The Smithsonian is bringing games into the fold of art.

One of the things that has always seemed to hold games back from becoming a rarified “art form,” to use that sticky term, is their long-time absence from the institutionalization of gallery and museum life. Recent developments in everything from the Louvre’s interactivity to the GDC’s own retrospection have begun to offer games a canonical sense of history. And now next month, the Smithsonian is putting on a new exhibition devoted to the new form of play.

Entitled “The Art of Videogames,” the exhibit is running from March 16th through September 30th. In the explanation of the thinking behind the new exhibition given in The Smithsonian Magazine, the author plants the Smithsonian strongly in the camp that understands the Schwarzenegger v. EMA decision as an official declaration that games are now art and should be treated as such:

The Supreme Court ruled last June that video games should be considered an art form, as deserving of First Amendment safeguards as “the protected books, plays and movies that preceded them.” Chris Melissinos reached that opinion some 30 years earlier, as a teenager plugging away at King’s Quest on a neighbor’s PC.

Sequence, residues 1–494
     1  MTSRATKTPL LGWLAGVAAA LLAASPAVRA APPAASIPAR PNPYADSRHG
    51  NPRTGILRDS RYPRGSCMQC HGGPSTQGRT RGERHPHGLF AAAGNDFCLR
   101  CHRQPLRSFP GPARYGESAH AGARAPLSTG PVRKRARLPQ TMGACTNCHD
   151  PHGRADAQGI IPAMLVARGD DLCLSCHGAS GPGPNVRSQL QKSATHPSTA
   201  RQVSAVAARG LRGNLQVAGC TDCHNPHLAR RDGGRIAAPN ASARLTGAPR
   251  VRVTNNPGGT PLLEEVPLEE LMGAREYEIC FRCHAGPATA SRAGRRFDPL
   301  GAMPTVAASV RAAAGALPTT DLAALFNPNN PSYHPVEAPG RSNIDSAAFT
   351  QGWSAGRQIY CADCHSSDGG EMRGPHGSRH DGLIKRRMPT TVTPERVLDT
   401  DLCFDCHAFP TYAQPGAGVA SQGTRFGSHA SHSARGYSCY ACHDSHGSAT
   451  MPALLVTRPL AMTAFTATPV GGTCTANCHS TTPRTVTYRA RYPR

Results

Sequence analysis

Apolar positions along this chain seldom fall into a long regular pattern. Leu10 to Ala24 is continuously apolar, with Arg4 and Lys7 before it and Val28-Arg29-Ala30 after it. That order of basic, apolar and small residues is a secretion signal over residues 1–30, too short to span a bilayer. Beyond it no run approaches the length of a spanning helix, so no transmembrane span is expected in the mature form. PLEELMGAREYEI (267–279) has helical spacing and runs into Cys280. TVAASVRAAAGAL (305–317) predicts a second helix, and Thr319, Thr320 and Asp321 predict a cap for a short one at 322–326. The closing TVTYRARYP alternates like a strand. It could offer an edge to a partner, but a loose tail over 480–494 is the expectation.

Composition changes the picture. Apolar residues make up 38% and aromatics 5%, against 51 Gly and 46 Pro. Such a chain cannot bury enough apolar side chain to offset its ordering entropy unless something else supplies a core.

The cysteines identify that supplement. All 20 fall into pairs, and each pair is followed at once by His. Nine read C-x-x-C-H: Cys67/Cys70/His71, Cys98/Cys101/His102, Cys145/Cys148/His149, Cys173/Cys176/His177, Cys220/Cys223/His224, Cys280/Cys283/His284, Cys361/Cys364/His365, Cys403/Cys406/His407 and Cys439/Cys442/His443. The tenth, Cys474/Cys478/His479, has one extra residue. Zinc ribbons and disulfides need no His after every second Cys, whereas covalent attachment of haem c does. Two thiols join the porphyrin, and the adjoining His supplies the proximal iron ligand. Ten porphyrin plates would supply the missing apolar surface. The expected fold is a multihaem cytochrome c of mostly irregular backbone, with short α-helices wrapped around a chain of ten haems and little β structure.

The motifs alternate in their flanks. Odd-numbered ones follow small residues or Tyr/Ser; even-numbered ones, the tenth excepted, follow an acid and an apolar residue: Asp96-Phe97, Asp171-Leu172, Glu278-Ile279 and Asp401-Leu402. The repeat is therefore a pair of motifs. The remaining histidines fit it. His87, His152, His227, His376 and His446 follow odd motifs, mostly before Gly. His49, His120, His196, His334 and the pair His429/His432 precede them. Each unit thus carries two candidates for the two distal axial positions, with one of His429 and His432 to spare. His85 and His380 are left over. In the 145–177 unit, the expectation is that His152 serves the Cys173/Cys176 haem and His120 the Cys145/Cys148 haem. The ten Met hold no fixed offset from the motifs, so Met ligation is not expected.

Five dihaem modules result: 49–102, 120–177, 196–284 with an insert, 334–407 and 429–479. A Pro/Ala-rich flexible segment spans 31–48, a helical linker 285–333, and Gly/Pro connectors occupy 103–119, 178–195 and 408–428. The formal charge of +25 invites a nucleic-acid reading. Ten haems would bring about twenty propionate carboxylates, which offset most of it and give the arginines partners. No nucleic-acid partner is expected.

The game’s hand-drawn animation and two-word typed commands seem crude now, but “I remember thinking, ‘Oh my goodness, this is a fairy tale come to life,'” Melissinos says. He still gets goose bumps remembering hidden warp zones in the first Super Mario Brothers.

Now Melissinos is the guest curator of “The Art of Video Games,” an exhibition at the Smithsonian American Art Museum that celebrates 40 years of the genre, from Pac-Man to Minecraft. The show will include video-game screen shots, videotaped interviews with game designers, vintage consoles from Melissinos’ personal collection (“I’m having a bit of separation anxiety,” he says) and several opportunities for visitors to seize the arcade joystick or PlayStation controls themselves.

While gamers tend towards elation when they see games receiving this type of critical attention, it’s important to recognize how impacts our overall relationship with games. Art Spiegelman talks frequently about the irony of turning comic books into exhibition pieces, for example. Though can the experiential quality of games ultimately mimic or otherwise complement the tactile experience of a museum? 

Check here for more information on the exhibit.

Yannick LeJacq

[via The Smithsonian Magazine]